Employees are the heart of your business. If you want to remain competitive in today’s marketplace, investing in people is no longer a nice-to-have, but rather a must have.
In the war for customer acquisition, businesses invest millions of dollars to improve customer experience. They deliver packages faster, churn out new products, and endlessly revamp their UI, often putting greater strain on employees for diminishing returns. According to Tiffani Bova, this siloed focus on customer experience—without considering the impact on your staff—actually hinders growth in the long run. The most successful companies adopt an Experience Mindset that strengthens both employee experience (EX) and customer experience (CX) at the same time.
In the excerpt below, Bova shows us what that looks like in practice.
The Experience Mindset in Practice
Consider a situation where a company’s customers demanded a new service that employees dread performing. Should the com pany offer that service anyway in the name of “customer centricity”? What about firing the employees who are most disgruntled about this customer demand and replacing them with new hires who are less likely to share their real opinions? Applying the Experience Mindset to that question, the answer should be obvious: neither is the right response.
In a scenario like this, a far better option would be for leaders to use employee pushback as a conversation starter, asking those who are most resistant to the new service for direct feedback. That feedback might end up uncovering a solution that would increase satisfaction for both the customer and the employee at the same time. Don’t let the old saying “The customer is always right” lead you astray—a company shouldn’t automatically do whatever the customer wants, or thinks they want, especially at the expense of employees.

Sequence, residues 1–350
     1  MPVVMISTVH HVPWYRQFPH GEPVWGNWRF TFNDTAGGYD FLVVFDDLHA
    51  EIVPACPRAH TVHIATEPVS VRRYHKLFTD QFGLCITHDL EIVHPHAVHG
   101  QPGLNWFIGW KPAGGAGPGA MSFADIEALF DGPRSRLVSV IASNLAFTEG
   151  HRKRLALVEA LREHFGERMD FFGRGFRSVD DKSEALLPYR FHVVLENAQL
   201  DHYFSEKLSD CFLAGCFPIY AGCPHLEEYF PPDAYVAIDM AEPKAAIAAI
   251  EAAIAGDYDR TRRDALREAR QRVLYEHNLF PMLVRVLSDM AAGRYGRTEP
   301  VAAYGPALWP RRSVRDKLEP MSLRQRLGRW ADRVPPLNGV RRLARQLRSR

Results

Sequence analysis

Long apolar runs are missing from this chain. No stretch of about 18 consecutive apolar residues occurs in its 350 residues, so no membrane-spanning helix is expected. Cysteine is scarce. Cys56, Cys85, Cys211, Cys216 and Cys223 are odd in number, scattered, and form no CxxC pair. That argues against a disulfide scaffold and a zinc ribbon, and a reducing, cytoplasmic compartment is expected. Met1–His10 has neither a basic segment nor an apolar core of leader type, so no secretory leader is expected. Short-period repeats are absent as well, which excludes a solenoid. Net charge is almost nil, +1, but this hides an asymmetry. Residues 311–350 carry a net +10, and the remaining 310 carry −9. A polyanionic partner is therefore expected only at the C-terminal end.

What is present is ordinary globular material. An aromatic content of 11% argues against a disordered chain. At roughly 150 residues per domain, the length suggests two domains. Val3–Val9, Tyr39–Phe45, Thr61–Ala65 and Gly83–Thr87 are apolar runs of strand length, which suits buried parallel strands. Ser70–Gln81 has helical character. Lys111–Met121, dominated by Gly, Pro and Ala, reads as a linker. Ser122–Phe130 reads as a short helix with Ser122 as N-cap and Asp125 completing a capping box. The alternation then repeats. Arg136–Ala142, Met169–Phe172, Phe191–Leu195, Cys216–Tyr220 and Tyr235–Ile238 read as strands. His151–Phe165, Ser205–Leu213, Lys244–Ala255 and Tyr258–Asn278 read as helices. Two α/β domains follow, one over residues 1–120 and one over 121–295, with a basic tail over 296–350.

Employees must be given the opportunity to provide feed back on new offerings (products or services), not just from a feature and functionality standpoint but also in terms of how these new offerings impact their day-to-day working lives. That way, when the challenge arises, employees, feeling heard, will be more likely to understand and accept why they have to do something a certain way, and know how to get it done.
Imagine if an IT department were to deploy a new sales technology called Chat that allowed the company’s sales reps to engage with customers virtually. The company’s executives are excited because they’ve been hearing that Chat is something their customers have been asking for. But there’s an issue they had not foreseen. Chat was rolled out quickly so it isn’t integrated into the existing customer relationship management (CRM) system, nor was there any true explanation on why it was being deployed or input from the sellers themselves about how they could use it.
In fact, if they had been asked, the sales reps would have explained that Chat was not something they wanted, unless it was easily accessible via their CRM system; otherwise, it only added more complexity to their jobs. In such a situation, do you think those reps would immediately embrace that tech or would they dread using it? Wouldn’t the more ideal scenario be to ask sales what processes—if any—need to be changed, how they might use the new tech, and whether or not it should be integrated into the CRM system?